Police are introducing 24 unmarked vehicles nationwide in an effort to reduce the number of deaths and injuries on the road.
Acting road policing national manager Inspector Peter McKennie said "a new fleet of unmarked vehicles will support our ability to prevent deaths and injuries on the road".
The unmarked vehicles will be used to police "high risk" behaviour including "driving while not wearing seatbelts, driving while impaired, driving distracted, and travelling at unsafe speeds".
McKennie was "unapologetic" if the new initiative meant motorists would stop speeding on the roads.
Motorists will see more Holden Equinox vehicles patrolling the roads over the next three months.
"Police is committed to reducing the number of people being killed or injured on the roads," McKennie said.
"Too many people are losing their lives, and the unmarked vehicles will encourage people to think twice about engaging in risky driving behaviour. We want motorists to be conscious about driving safely at all times, expecting there to be a police presence on the roads, anytime, anywhere."
McKennie said the vehicles will come in a range of colours, so they will blend with any other car that is on the road.
"Our officers are out there patrolling the roads every day in an attempt to stop people being killed or injured. They are visible across the country in our marked cars, and some are also working in unmarked patrol vehicles, all having a significant impact on making New Zealand roads safer."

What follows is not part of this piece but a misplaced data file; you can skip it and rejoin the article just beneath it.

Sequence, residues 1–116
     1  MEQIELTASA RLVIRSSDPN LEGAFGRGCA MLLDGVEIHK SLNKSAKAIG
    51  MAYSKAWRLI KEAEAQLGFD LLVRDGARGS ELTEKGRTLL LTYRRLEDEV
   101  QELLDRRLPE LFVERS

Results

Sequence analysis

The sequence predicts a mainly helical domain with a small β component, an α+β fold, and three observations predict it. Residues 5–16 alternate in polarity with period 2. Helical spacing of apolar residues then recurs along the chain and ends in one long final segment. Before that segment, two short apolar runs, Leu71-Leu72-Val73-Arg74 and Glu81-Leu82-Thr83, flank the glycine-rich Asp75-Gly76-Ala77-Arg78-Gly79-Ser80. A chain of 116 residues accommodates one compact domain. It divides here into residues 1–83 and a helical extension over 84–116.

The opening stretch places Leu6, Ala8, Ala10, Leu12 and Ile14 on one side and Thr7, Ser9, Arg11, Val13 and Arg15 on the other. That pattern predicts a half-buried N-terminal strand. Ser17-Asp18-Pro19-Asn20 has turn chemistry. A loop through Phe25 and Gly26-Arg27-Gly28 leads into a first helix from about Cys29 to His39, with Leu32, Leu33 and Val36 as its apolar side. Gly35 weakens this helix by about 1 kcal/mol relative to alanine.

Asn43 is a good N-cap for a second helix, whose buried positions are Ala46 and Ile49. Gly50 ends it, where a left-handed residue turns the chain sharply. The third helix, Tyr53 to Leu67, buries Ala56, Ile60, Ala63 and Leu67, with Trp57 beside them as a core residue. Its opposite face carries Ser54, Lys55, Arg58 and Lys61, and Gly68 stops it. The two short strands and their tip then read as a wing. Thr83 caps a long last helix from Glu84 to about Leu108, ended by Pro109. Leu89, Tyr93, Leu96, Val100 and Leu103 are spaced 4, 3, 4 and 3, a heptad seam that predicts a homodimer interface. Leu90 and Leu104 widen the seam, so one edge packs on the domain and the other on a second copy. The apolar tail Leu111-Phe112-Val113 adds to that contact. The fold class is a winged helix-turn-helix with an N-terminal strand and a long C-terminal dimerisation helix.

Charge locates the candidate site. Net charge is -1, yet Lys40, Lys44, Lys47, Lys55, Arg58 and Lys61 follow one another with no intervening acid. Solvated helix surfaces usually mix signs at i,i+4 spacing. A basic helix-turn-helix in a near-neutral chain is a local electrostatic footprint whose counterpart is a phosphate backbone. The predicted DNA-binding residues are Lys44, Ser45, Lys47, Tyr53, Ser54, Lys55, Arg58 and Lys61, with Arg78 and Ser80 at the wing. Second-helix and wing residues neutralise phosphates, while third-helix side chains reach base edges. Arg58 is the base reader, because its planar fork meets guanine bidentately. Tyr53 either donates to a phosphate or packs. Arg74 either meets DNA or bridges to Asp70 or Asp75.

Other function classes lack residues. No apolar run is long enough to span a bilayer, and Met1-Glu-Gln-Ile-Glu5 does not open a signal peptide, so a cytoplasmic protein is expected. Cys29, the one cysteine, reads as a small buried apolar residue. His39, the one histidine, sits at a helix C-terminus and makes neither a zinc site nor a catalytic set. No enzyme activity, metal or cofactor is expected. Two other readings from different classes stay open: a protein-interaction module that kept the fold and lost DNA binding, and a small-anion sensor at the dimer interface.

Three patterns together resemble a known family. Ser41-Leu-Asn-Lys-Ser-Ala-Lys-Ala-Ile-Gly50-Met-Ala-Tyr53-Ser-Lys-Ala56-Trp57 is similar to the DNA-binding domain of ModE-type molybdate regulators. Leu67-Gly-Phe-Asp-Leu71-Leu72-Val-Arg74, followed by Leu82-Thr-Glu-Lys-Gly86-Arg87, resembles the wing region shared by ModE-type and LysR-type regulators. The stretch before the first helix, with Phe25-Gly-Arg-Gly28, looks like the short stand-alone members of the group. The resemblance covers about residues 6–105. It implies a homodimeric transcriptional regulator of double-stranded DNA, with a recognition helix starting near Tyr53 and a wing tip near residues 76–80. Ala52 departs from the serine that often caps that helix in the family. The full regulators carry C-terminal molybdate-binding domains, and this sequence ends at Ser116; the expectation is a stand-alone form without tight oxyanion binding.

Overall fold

McKennie said the majority of people want to get home safely and the increase of marked vehicles will enable police to detect those who drive dangerously, but who slow down when seeing a marked vehicle.
"The vast majority of road users simply want to get through their journeys safely. These vehicles increase our ability to ensure that by enabling police to more effectively deter, detect and apprehend those who put people's safety at risk, including those who habitually drive in an unsafe manner but modify their driving in the presence of marked police vehicles."
AA spokesperson Simon Douglas said: "The AA has consistently supported police in targeting high risk behaviours in high risk areas."
Douglas said drivers should be thinking about safety first and enforcement second.
"Our philosphy has been to have a visible police presence [on the roads]," said Douglas.